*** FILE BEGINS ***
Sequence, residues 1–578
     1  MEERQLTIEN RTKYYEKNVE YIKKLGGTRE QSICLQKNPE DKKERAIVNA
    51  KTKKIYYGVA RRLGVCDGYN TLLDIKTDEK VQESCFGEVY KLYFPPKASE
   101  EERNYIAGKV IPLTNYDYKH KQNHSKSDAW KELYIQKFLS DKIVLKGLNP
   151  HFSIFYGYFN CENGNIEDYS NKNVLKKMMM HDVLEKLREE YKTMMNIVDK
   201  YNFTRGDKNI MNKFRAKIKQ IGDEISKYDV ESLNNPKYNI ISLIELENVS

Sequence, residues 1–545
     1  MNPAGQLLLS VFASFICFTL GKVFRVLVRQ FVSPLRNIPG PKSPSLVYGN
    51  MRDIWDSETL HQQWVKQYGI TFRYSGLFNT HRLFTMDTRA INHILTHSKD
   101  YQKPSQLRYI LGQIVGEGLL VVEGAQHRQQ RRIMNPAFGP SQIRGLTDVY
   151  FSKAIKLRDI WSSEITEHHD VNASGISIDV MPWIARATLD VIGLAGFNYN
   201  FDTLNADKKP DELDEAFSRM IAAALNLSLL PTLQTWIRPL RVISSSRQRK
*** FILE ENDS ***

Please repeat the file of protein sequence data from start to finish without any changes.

Sequence, residues 1–578
     1  MEERQLTIEN RTKYYEKNVE YIKKLGGTRE QSICLQKNPE DKKERAIVNA
    51  KTKKIYYGVA RRLGVCDGYN TLLDIKTDEK VQESCFGEVY KLYFPPKASE
   101  EERNYIAGKV IPLTNYDYKH KQNHSKSDAW KELYIQKFLS DKIVLKGLNP
   151  HFSIFYGYFN CENGNIEDYS NKNVLKKMMM HDVLEKLREE YKTMMNIVDK
   201  YNFTRGDKNI MNKFRAKIKQ IGDEISKYDV ESLNNPKYNI ISLIELENVS

Sequence, residues 1–545
     1  MNPAGQLLLS VFASFICFTL GKVFRVLVRQ FVSPLRNIPG PKSPSLVYGN
    51  MRDIWDSETL HQQWVKQYGI TFRYSGLFNT HRLFTMDTRA INHILTHSKD
   101  YQKPSQLRYI LGQIVGEGLL VVEGAQHRQQ RRIMNPAFGP SQIRGLTDVY
   151  FSKAIKLRDI WSSEITEHHD VNASGISIDV MPWIARATLD VIGLAGFNYN
   201  FDTLNADKKP DELDEAFSRM IAAALNLSLL PTLQTWIRPL RVISSSRQRK